MIT Students Create 2,000 Pound “megalith” That Can Be Moved With A Fingertip

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College students at the Massachusetts Institute of Engineering have created and created a 2,000 pound sculpture that can be rocked, rotated, lifted, and hauled upright with minimal energy (+ film).

A group of MIT college students led by architect Brandon Clifford and architectural historian Mark Jarzombek designed the McKnelly Megalith to investigate mathematic ideas observed in ancient sculptures.

McKneely Monolith by MIT

The object was designed utilizing a digitally-controlled milling machine to minimize foam blocks according to a pc-produced design. This foam core was then covered with layers of fibre-reinforced concrete to create a challenging and heavy outer surface.

Despite the fact that the object weighs 2,000 lbs (907 kilograms), it can be moved with a fingertip, in accordance to Clifford. It can also be hoisted upright by just a tiny quantity of men and women.

McKneely Monolith by MIT

Clifford and Jarzombek began the task by asking college students to work out how monumental structures had been constructed by ancient civilisations like the Incas in Peru or the inhabitants of Easter Island.

The college students were then asked to layout a sculpture that displays related concepts about balance and excess weight, and could also “perform” by becoming effortless to move.

McKneely Monolith by MIT

The object developed by the students is reminiscent of an abstracted Easter Island head, but has much more rounded edges and planes. These characteristics distribute its excess weight in a way that allows the sculpture to be effortlessly moved, in accordance to Clifford.

“There are obviously some zoo/anthropomorphic qualities to this megalith,” Clifford informed Dezeen.

“The unique intention was not to create some thing that seems like a encounter or a head, but in operating through these calculations, the inspiration of offering a spectacle that performs, forced the design and style to contemplate each of these motivations simultaneously (functionality and perception).”

McKneely Monolith by MIT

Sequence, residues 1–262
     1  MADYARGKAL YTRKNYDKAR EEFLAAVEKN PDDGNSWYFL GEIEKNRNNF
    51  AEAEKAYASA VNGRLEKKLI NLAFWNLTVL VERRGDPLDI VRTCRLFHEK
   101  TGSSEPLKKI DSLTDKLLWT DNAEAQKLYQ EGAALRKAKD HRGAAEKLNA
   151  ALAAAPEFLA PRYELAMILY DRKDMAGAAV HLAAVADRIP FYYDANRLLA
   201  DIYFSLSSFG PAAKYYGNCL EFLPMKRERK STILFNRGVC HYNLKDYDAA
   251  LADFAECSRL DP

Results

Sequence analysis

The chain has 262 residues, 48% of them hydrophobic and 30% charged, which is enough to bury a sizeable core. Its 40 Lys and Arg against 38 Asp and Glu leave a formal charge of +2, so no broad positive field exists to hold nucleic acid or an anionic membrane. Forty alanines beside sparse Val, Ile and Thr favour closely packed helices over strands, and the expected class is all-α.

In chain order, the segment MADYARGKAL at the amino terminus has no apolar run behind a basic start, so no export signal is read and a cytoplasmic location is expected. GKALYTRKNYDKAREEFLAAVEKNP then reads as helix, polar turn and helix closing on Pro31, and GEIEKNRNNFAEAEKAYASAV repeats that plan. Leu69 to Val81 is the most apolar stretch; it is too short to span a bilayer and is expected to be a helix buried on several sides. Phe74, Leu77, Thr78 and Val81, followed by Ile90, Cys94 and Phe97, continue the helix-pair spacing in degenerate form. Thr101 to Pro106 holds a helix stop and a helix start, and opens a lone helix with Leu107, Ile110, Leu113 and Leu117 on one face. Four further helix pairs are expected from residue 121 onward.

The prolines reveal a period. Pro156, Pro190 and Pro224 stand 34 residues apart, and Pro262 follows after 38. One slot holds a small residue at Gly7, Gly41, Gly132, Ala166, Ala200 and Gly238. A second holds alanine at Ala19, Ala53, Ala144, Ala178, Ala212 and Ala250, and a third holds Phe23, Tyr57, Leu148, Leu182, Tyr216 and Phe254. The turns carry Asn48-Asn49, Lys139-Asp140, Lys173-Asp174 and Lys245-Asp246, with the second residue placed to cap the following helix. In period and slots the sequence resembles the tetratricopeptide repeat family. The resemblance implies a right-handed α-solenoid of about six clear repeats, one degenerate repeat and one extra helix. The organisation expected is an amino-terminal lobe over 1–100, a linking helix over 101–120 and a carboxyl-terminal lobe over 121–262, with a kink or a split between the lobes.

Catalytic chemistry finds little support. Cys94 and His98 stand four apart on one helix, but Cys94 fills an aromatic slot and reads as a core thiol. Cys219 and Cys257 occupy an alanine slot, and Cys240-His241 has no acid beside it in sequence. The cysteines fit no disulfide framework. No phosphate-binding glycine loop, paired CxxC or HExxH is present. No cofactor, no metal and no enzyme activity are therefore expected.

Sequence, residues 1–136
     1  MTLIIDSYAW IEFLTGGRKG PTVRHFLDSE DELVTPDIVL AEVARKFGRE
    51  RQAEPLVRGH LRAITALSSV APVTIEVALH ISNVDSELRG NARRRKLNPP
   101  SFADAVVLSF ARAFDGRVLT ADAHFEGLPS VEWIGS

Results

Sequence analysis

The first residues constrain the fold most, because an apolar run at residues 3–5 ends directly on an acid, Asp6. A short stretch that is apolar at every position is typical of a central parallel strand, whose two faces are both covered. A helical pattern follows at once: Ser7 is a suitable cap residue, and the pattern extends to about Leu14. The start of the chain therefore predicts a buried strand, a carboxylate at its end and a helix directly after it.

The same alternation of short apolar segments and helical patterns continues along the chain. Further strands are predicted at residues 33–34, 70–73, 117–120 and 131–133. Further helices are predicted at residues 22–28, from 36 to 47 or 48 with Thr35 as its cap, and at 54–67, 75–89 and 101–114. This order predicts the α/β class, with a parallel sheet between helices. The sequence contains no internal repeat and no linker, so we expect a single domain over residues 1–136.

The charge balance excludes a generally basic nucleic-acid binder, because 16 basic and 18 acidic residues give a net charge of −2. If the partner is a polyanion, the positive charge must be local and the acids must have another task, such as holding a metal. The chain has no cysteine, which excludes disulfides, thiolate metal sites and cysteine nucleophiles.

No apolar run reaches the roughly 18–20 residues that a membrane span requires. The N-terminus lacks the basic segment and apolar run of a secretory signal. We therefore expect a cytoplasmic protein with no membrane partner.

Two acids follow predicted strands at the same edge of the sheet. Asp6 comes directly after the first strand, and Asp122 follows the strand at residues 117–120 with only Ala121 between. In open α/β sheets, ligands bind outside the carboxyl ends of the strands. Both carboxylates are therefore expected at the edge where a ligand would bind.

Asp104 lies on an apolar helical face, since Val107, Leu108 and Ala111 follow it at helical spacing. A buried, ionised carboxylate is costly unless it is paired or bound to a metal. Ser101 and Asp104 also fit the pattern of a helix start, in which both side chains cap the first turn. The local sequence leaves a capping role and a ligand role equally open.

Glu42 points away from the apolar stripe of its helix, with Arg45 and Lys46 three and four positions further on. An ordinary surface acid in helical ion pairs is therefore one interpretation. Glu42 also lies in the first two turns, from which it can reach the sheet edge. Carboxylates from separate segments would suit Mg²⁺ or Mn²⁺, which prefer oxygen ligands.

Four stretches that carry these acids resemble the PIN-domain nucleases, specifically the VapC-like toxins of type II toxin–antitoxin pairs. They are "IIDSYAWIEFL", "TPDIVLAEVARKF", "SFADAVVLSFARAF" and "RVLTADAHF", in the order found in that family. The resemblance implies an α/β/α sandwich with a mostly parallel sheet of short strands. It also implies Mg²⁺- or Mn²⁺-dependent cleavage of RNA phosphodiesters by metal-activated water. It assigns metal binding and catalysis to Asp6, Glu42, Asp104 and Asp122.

The concrete sculpture was placed on a green at MIT’s campus in Cambridge, just off the Charles River from Boston.

The college students made a film demonstrating how they could rock or spin the object, making use of boards underneath to allow it to slide or shimmy across the lawn.


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Using ropes looped by means of a hole in the object, just a few college students could pull the object fully upright, with a few others delivering a stabilising counterbalance from ropes on the other side.

A video displaying how the two,000 pound sculpture can be rocked, rotated, lifted, and tilted upright


“There was a moment of elation when it lastly stood up,” Clifford said. “It weighed more than a auto and however you could move it with a fingertip.”

Clifford grew to become interested in megaliths following reading research that suggested that the monumental heads of Easter Island had been moved into area upright. Anthropologist Carl Lipo discovered that the sculptures had been made with a forward-tilting centre of gravity that could have allowed them to shimmied into spot.

“There is so considerably understanding trapped in these ancient civilisations that we are not equipped to take care of today,” said Clifford.

McKneely Monolith by MIT

He and Jarzombek set up the Megalithic Robotics course at MIT to combine their expertise of computerised design and methods employed in ancient architecture. The course is one particular of a variety of “cross-studio” initiatives at MIT produced to motivate college students and tutors from different disciplines to perform with each other.

Clifford is the co-founder of US studio Matter Style, which not too long ago completed an installation referred to as Microtherme, an set up comprised of a wooden box concealing curved concrete surfaces heated at diverse temperatures.

McKneely Monolith by MITDiagram – click for bigger image McKneely Monolith by MITPrepare 1 – click for bigger image McKneely Monolith by MITStrategy two – click for greater picture


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